No medical professional ever mentioned post-polio to me. I was aware of it but with limited knowledge. The closes medical rational I ever received for increasing wheelchair dependence plus symptoms like quicker to fatigue was the “strains of a life time of walking on crutches”.
The idea that my medical team (I call it a team but it’s really a pathway of referrals so that health “administration” can call itself a system) wouldn’t understand polio never entered my mind. When you’ve lived your entire life with polio you think everyone knows, you know the saying “can’t see the forest for the trees”. This is the problem with assumption rather than critical thinking.
When I think about it I knew few people of my generation in 1967 who were aware of the devastation caused by Spanish Flu. Fifty years later why should I expect those generations behind me be anymore aware of a disease we basically eradicated in Canada fifty years ago. Some realizations can be painful but needed to avoid future pain. I have now come to grips with the idea that post-polio has played a role in my advancing decrepitude. After over forty years of fighting for inclusion and acceptance the posts have been moved and I have to adjust. Welcome to the my world of accommodation…unfortunately I have watched while the BC Liberals have slowly eroded a good chunk of the advances made. Continue reading “My New Reality…”→
“The life history of the individual is first and foremost an accommodation to the patterns and standards traditionally handed down in his community” – Ruth Benedict
It has been raining off and on for most of the day. I knew it was coming so took advantage of the sun yesterday and went out to restock. Pantry is now ready for at least a four day siege. Glad I did, good exercise and I quite enjoyed the sunshine. Now, gazing out my window, there’s a mist in the air creating a grey tone appearance to my surroundings. It makes me wonder if this is how someone with cataracts views a changing world. At the same time I feel like I’m experiencing a “mental cataract” when it comes to putting thoughts to paper.
As I said it is a dismal day outside so I am trying to avoid thinking dismal things, however that is a blockage for someone who likes to be expressive with words. So I am gazing out the window, partly because of the new two story multi-unit development going on across the street (starting at 7am) and partly to see if I could land on a topic that piqued my creative juices. Sitting here wanting to write but lacking an emotive topic and the phone rings. Now this is cool because I didn’t know it could be done but my computer rings the minute my phone rang with a little phone icon in the upper right hand corner, so I answered with the computer.
It’s a buddy of mine from Alberta (we were neighbours 30 years ago and been tight ever since). He was on his way to Camrose and had been listening to CBC Manitoba in his truck. I know nothing says wake up like listening to CBC talk radio right.
We do share some of the same values and interest so he suggested I check out a CBC Manitoba report on the issues being faced by the polio/post-polio community. I have a history with Manitoba and he is aware of that. The subject is one I am personally very passionate about and have written often about. The story hit very close to home based on current experience with a community health system (all well meaning) that is so out of touch with the reality of what’s happening in the community. BC already has a seniors care crisis lets not complicate things by forgetting our history. There are 15 to 20 thousand polio survivors hitting retirement and entering a system that can hardly manage the current crisis. This should actually be an election issue here in BC!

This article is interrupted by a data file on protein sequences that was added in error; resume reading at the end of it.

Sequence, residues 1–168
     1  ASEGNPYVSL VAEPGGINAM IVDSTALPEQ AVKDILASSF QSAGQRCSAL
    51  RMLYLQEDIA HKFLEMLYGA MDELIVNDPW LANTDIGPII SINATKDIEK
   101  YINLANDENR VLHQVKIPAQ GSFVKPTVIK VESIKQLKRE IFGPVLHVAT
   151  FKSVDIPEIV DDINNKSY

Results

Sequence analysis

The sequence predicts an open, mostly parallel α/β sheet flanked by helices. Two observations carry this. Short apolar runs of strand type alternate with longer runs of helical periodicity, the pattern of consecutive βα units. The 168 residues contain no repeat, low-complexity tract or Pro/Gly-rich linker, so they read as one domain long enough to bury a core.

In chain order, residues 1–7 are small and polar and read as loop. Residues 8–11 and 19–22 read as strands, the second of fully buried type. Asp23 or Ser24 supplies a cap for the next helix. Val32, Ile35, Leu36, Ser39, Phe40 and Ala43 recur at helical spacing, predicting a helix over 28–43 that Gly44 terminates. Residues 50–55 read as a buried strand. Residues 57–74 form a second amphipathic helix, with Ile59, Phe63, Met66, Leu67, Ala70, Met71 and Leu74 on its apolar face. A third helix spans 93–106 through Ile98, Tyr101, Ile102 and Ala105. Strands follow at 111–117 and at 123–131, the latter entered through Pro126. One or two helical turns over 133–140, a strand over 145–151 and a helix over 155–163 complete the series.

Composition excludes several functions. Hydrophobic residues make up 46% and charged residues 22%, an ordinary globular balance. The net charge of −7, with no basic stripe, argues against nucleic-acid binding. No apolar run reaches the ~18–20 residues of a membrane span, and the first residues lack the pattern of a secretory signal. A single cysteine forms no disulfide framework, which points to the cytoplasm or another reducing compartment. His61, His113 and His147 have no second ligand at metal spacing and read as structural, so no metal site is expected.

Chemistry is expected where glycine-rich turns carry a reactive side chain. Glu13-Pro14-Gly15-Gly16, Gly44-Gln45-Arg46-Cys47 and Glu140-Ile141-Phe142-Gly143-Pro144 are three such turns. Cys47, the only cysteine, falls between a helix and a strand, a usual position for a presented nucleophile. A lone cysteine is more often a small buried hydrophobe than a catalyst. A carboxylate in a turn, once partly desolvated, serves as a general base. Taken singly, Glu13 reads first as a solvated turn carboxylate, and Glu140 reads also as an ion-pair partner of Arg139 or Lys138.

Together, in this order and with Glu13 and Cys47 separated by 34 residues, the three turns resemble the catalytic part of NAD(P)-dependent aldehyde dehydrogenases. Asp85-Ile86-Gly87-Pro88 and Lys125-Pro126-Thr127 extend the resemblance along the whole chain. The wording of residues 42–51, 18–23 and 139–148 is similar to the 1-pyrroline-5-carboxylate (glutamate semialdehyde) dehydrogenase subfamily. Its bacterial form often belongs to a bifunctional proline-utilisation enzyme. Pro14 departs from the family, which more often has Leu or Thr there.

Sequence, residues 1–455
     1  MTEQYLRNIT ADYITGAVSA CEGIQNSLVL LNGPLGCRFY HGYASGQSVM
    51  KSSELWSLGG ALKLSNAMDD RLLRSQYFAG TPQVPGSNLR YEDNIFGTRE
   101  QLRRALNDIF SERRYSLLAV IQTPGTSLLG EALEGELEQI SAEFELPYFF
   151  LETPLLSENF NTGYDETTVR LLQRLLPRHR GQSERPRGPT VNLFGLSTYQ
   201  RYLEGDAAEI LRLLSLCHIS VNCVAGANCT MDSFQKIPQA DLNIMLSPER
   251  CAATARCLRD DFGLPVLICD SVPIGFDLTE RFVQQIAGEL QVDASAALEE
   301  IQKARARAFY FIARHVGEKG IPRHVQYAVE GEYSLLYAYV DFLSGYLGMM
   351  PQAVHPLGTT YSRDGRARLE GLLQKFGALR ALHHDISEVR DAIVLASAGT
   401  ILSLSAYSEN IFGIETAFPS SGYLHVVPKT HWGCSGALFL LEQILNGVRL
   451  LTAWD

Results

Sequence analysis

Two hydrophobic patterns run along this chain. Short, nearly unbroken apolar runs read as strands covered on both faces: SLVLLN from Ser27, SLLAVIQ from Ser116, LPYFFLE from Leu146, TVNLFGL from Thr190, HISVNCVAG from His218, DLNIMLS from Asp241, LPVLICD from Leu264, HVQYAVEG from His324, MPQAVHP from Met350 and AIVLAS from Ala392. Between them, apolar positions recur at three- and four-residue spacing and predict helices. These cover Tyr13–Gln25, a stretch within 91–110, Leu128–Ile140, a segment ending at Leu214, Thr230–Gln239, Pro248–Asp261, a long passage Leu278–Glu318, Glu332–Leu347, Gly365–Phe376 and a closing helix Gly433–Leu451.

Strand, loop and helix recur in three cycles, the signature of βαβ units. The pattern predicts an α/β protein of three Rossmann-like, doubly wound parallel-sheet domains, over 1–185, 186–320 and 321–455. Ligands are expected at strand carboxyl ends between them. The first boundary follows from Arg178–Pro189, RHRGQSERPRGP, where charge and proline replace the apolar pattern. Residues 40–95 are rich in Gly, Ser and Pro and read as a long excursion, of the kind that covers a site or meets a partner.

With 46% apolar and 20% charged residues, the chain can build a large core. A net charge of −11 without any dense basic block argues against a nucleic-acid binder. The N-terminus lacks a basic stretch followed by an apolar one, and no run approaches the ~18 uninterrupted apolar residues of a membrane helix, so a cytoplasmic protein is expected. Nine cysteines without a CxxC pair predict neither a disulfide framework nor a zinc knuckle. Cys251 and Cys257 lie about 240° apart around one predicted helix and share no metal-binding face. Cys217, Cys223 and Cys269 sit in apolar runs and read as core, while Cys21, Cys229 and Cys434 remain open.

Boy the rain is coming down but so is my mood. As some of you are aware I am currently “playing the game” so I have a “care worker” come by every morning, usually around 10 to meet the stated needs the current health policy dictates. Usually by the time they get here I’ll be working away on my computer. I always leave a few dishes in the sink so they have something to do but inevitably the conversation comes around to my wheelchair. That way we have both met the needs of community health. Continue reading “Taking Responsibility”→
“Until you make the subconscious conscious, it will direct your life and you will call it fate.” – Carl G. Jung
The snow has just started so the earlier week stocking up proved valuable. However on the positive side, snow on Vancouver Island generally means it will warm up and I have had my fill of the cold weather. My obsession with having the news on in the background paid off so I made sure to stock up after seeing the 7 day forecast. I don’t go out when it snows so this type of weather provides me with the time to reflect on my own thoughts. So the more it snows the more time I have to return to the substance of the opening Carl Jung quote.
I entered this new year with two main goals. One, find some form of assisted living arrangement and two, do something about my low grade depression that doesn’t involve more prescriptions. I figured I’ve been dragging this depression around for almost 30 years so why start more pills. Both of these goals are important and both will need careful planning but moving is external so I will focus on a place to live first.
Dealing with depression is internal so I can do some self assessments while I’m organizing a move. I worked in psychiatry for twenty years so I think I know how to work through that. Unfortunately I was in a situation for many, many years where “psycho-babble” was frowned upon and any discussion regarding feelings was considered bunk so when I left the profession I left emotional expression.
For me independence is almost a religious experience and to surrender any of it is like a Catholic giving up confession but I recognize the necessity. Acceptance of moving into an assisted living environment was a big step for me. That acceptance has economic, physical and emotional impacts so I need to set the ground work myself. One of the contributing factors to this decision was my recent hospitalization. If living in an apartment community where there are supports will keep me out of hospital, all the better. So imagine my disappointment when the feds/provinces failed to reach a new health agreement last month.